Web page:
Club professionals are the golf pros who run golf courses. Whether they be country clubs, driving ranges, public courses or resorts, the golf pro is responsible for everything from daily management to course maintenance and giving advice to other golfers on what equipment to use. Club professionals are also responsible for many other managerial duties including accounting, staff supervision, advertising, press releases, keeping track of inventory and scheduling maintenance. In addition, these golf pros are businessmen who are the public face of their establishment. Especially in the case of resort owners, club professionals often host charity events and golf tournaments to raise funds for their communities.
Golf instructors work as either independent contractors or are employed with a club, hotel or resort. They are highly successful and technically skilled golfers who have an aptitude for conveying technique and gameplay through verbal instruction and physical demonstrations. They understand weaknesses in a student's game, and will instruct and guide the student in order to make improvements. Golf instructors working for a club or resort may also have additional responsibilities including managing assistant instructors, supervising caddies, managing the club's pro shop, and informing the groundskeepers about turf problems.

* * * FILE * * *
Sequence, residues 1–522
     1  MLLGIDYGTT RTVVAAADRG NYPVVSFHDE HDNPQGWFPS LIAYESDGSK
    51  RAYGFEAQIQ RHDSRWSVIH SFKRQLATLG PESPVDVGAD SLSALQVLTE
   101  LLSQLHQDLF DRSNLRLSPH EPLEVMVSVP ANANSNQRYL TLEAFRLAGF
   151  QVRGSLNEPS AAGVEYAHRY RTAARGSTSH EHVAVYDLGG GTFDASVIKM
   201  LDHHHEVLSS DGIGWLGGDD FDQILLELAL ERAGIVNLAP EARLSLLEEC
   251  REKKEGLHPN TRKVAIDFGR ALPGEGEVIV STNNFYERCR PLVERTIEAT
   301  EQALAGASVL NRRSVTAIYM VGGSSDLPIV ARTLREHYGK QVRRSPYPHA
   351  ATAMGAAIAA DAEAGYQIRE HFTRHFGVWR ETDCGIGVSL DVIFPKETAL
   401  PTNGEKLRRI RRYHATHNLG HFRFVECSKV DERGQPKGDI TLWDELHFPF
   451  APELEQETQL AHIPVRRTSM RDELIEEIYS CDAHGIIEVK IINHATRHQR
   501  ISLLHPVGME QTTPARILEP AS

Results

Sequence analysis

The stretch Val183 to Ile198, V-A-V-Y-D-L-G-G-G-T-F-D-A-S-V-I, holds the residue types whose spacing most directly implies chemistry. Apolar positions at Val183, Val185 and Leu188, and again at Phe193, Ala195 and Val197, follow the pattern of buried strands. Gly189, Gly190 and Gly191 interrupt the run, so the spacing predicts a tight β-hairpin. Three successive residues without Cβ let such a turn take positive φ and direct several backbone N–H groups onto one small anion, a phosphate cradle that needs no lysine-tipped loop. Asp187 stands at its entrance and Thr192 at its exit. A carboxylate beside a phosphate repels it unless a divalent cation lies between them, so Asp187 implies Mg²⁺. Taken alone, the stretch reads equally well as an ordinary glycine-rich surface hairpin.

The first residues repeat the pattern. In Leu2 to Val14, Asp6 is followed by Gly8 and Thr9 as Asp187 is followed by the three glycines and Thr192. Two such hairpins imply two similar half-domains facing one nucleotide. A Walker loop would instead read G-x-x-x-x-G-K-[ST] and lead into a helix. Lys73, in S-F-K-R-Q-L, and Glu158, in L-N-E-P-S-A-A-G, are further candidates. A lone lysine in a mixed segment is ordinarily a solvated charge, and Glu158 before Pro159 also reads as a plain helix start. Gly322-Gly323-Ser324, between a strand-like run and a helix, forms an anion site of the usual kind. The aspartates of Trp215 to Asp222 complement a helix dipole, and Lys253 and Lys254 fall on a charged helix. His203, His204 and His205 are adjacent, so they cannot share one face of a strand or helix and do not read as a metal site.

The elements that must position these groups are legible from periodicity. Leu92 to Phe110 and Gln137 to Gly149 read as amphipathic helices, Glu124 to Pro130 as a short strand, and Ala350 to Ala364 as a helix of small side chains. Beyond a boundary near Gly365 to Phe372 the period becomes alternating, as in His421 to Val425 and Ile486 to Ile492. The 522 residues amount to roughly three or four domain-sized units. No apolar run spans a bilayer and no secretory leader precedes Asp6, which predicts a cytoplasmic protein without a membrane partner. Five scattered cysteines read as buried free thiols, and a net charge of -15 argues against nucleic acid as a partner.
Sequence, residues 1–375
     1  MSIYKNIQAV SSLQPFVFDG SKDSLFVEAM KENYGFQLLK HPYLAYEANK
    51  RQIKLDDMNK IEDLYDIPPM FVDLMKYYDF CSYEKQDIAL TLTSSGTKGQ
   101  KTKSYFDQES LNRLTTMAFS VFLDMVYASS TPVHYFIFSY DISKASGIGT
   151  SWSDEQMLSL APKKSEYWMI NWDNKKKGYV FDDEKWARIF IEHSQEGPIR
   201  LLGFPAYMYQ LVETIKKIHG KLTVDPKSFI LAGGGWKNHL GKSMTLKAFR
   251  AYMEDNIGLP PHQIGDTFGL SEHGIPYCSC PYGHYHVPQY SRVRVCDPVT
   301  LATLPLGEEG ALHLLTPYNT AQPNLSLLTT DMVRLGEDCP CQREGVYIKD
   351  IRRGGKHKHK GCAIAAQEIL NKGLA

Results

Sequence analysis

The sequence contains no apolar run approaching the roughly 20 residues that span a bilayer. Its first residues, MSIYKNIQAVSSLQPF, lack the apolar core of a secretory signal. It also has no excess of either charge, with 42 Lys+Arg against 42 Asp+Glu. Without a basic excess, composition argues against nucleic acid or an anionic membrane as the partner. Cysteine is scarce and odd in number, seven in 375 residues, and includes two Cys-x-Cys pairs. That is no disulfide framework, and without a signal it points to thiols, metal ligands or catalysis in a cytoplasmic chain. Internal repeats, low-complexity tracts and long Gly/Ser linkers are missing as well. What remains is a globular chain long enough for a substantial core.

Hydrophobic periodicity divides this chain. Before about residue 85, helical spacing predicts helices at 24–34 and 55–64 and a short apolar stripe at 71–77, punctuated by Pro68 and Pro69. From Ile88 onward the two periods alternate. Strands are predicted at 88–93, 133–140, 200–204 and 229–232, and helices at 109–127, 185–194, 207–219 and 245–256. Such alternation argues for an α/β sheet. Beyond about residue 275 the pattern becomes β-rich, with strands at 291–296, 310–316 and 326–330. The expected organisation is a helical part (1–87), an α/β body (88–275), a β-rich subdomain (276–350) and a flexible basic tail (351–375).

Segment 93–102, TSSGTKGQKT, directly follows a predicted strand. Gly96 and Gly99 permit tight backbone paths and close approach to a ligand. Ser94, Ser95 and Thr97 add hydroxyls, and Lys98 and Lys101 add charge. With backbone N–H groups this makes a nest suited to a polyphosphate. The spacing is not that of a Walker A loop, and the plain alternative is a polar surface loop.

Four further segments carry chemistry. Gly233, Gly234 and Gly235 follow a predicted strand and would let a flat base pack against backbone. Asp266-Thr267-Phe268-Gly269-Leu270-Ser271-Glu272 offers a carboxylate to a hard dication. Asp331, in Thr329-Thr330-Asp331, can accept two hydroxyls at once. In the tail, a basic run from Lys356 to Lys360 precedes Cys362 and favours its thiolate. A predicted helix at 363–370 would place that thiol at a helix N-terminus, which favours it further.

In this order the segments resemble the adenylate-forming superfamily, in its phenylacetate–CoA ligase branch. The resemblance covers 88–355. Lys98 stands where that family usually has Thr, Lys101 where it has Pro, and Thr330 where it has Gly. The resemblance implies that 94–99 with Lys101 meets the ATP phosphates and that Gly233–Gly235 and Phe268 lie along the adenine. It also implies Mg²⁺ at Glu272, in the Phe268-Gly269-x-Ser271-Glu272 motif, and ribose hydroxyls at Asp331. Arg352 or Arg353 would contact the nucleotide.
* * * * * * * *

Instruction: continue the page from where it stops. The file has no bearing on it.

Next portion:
Since golf is a game that must be played outside, most golf pros spend a significant amount of time outdoors. The amount of physical activity is higher than that incurred in the average occupation, but significantly lower than in most other sports. In addition to walking and climbing hills, golf pros must sometimes carry heavy bags with clubs and other equipment.